Public servants at the giant Defence Department fear they are being softened-up for a pay offer of just 1  per cent each year.

Thousands of Defence staffers are being asked to fill out a survey asking what they want from the upcoming wage talks and some are complaining the online questionnaire is fixed to return a vote for a "one-off" 3 per cent pay rise.

The increase would have to last for the three-year life of the new workplace agreement and would have strings attached in the form of conditions to be traded away in return.

But Defence rejected its staffers’ claims, saying there was nothing wrong with the conduct of the surveys and they were a legitimate method of gauging sentiment among its 20,000 workers about their pay and conditions.

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The new concerns come on top of worries that Defence will not even be able to begin to negotiate with its workers about the new agreement for up to three months.

Several departmental staffers have complained that after completing the survey, it indicated they had expressed a preference for “one-off” 3 per cent pay rise for the life of the new deal and that other conditions would have to traded away in return for the agreement.

Public sector unions have lodged a claim for 4 per cent a year for the life of a three-year agreement.

The Coalition government’s position on public service pay, handed down to departmental bosses, is that all pay rises have to be offset by productivity gains and longer working hours are being raised by some departments as potential trade-offs.

Professionals Australia, which represents many Defence engineers and scientists, said its members were angry about the tactics used in the survey.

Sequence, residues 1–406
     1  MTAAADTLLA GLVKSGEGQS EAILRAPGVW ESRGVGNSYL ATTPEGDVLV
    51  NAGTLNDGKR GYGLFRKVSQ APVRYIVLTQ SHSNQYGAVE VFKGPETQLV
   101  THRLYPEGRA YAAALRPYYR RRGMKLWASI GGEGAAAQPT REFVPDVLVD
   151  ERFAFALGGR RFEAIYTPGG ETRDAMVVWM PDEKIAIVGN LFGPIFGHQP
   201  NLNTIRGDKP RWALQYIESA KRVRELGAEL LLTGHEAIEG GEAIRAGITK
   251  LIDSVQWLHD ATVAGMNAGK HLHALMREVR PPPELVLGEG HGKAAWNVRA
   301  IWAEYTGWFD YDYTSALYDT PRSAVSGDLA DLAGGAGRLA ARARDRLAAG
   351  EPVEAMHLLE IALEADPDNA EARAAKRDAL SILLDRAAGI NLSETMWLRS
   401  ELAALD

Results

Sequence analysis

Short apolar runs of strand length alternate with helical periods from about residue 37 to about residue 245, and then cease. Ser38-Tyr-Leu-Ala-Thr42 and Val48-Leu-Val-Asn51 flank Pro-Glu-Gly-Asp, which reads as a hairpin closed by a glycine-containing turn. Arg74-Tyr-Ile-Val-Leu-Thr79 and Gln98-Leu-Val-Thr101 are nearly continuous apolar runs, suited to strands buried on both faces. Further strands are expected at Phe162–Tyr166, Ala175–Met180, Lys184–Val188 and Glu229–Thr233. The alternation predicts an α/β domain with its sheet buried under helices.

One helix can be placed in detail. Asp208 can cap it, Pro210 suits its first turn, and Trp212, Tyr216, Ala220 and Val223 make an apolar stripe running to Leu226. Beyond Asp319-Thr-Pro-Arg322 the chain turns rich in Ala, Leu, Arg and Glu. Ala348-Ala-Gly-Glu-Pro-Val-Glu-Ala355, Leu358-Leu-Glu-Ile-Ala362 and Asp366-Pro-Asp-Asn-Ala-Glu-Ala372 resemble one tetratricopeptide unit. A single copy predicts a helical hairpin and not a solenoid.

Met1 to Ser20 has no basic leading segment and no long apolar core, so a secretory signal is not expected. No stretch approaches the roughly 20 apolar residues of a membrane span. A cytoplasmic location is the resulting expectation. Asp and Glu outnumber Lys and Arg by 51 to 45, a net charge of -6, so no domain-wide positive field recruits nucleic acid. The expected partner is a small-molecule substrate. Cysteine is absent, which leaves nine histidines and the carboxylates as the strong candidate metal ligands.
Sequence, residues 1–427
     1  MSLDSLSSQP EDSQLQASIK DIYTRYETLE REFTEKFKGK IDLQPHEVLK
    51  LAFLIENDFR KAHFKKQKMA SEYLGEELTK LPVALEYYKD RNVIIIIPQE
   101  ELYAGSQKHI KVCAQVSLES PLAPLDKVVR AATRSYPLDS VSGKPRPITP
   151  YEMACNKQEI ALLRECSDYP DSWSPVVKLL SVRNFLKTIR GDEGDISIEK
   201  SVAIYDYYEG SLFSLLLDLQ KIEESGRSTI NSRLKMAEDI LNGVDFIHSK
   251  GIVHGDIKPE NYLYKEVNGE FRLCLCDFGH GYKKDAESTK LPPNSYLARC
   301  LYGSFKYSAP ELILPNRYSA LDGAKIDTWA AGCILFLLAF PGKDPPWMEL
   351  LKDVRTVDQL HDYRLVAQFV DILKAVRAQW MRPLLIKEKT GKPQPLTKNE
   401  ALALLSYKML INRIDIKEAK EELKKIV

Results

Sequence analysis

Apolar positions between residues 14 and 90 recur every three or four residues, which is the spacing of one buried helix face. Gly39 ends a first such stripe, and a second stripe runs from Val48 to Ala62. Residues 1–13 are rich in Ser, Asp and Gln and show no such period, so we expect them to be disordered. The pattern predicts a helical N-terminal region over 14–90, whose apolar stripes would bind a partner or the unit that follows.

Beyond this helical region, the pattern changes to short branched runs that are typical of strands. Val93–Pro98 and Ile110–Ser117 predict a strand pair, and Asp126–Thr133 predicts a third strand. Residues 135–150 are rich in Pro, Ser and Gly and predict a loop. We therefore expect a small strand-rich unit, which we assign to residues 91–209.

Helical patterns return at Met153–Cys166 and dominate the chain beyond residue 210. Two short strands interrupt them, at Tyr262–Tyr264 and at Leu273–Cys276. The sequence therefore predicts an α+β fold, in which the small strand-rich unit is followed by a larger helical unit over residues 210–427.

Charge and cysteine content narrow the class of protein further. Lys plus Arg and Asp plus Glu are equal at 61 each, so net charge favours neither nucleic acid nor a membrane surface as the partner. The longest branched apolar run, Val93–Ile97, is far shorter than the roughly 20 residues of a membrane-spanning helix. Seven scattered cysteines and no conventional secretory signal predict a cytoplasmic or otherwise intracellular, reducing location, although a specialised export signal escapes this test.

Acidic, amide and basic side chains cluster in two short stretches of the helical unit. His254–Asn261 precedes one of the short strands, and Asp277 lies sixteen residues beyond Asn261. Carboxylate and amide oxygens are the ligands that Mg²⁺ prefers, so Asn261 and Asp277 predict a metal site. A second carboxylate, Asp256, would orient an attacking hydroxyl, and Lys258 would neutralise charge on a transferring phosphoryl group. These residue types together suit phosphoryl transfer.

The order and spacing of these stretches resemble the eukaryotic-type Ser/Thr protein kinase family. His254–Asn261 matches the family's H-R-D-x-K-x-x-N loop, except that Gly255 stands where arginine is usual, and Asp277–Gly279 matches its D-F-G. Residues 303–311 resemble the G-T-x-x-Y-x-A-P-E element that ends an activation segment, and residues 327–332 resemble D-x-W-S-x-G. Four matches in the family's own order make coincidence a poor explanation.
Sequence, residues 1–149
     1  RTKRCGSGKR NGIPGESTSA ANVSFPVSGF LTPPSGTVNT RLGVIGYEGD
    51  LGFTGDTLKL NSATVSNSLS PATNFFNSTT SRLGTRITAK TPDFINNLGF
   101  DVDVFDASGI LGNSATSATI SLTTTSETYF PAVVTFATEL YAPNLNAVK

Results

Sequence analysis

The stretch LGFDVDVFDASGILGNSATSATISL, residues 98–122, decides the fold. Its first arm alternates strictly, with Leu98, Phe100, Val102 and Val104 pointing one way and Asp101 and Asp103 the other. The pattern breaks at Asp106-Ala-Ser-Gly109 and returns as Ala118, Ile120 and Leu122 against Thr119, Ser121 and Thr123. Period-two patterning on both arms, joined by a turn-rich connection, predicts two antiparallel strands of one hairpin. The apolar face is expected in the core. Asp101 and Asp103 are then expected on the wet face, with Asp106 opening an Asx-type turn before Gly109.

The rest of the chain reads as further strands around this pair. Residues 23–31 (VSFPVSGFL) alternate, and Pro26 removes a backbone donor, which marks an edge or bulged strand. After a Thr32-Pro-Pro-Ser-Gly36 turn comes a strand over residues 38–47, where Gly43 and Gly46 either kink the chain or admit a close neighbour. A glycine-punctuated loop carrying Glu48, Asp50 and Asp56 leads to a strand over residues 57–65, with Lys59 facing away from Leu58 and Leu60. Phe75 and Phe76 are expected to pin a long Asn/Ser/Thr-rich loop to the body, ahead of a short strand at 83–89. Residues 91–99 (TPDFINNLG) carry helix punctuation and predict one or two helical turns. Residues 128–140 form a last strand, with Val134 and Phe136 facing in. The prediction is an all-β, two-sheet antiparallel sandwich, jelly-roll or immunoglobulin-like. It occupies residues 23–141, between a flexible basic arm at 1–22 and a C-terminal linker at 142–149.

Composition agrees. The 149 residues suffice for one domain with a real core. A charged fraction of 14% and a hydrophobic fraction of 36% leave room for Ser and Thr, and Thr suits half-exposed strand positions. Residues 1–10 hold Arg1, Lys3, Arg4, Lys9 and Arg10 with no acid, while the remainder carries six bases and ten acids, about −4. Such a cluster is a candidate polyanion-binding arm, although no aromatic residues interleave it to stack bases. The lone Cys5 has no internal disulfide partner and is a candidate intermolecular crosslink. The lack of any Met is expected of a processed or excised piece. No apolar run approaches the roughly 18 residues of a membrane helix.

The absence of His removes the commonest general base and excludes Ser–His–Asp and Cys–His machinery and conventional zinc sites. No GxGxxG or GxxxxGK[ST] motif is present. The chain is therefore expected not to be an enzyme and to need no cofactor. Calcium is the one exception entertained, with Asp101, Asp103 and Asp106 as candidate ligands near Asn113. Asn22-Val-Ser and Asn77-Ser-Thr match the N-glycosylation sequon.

“Defence have told their workforce that they won't be ready to negotiate until July, yet in a staff survey they are seeking views on their "offer" and restrict staff to selecting a maximum pay increase of 3 per cent for the life of the agreement or 1 per cent per year,” Mr Smith said.

“Worse the survey is unclear that selecting 3 per cent is only on a one off basis.

“Members believe this conduct is deceptive and lacks integrity.

“If they have an offer they should be prepared to negotiate now.

“Defence will suggest this survey is not linked to bargaining.

“This is utterly disingenuous.”

A Defence spokeswoman told Fairfax the surveys were not linked to bargaining but were about honing the employment offer made to new recruits.

“The survey is designed to gain information about the elements of the Defence Employment Offer that Defence members prefer more and the ones they prefer relatively less,” the spokeswoman said.

She dismissed the worries about the survey, saying there was nothing wrong with the research tool and that employees had complete freedom to answer the questions in the way they wanted.

“There is no problem with the Your Benefits survey,” she said.

“There is a pop-up notice just before the salary question explaining that the salary question was purely theoretical and “does not represent any offer under consideration by Defence"."